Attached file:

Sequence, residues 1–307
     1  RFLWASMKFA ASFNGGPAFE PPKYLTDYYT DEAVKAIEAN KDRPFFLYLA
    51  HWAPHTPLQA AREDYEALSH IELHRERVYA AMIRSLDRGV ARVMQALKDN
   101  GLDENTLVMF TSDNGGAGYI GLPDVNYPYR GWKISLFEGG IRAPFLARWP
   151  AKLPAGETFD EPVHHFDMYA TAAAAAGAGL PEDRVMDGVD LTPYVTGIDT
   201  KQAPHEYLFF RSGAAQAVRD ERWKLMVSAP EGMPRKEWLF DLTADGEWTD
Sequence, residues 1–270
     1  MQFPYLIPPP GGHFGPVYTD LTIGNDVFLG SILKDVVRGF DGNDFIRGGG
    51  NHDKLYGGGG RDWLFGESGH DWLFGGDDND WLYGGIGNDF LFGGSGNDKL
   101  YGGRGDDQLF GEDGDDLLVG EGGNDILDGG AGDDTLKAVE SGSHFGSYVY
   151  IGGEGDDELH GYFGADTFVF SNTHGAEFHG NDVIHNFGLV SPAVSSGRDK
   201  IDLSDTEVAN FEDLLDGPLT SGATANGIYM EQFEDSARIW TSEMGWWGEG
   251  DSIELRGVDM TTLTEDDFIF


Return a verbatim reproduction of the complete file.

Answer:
Sequence, residues 1–307
     1  RFLWASMKFA ASFNGGPAFE PPKYLTDYYT DEAVKAIEAN KDRPFFLYLA
    51  HWAPHTPLQA AREDYEALSH IELHRERVYA AMIRSLDRGV ARVMQALKDN
   101  GLDENTLVMF TSDNGGAGYI GLPDVNYPYR GWKISLFEGG IRAPFLARWP
   151  AKLPAGETFD EPVHHFDMYA TAAAAAGAGL PEDRVMDGVD LTPYVTGIDT
   201  KQAPHEYLFF RSGAAQAVRD ERWKLMVSAP EGMPRKEWLF DLTADGEWTD
Sequence, residues 1–270
     1  MQFPYLIPPP GGHFGPVYTD LTIGNDVFLG SILKDVVRGF DGNDFIRGGG
    51  NHDKLYGGGG RDWLFGESGH DWLFGGDDND WLYGGIGNDF LFGGSGNDKL
   101  YGGRGDDQLF GEDGDDLLVG EGGNDILDGG AGDDTLKAVE SGSHFGSYVY
   151  IGGEGDDELH GYFGADTFVF SNTHGAEFHG NDVIHNFGLV SPAVSSGRDK
   201  IDLSDTEVAN FEDLLDGPLT SGATANGIYM EQFEDSARIW TSEMGWWGEG
   251  DSIELRGVDM TTLTEDDFIF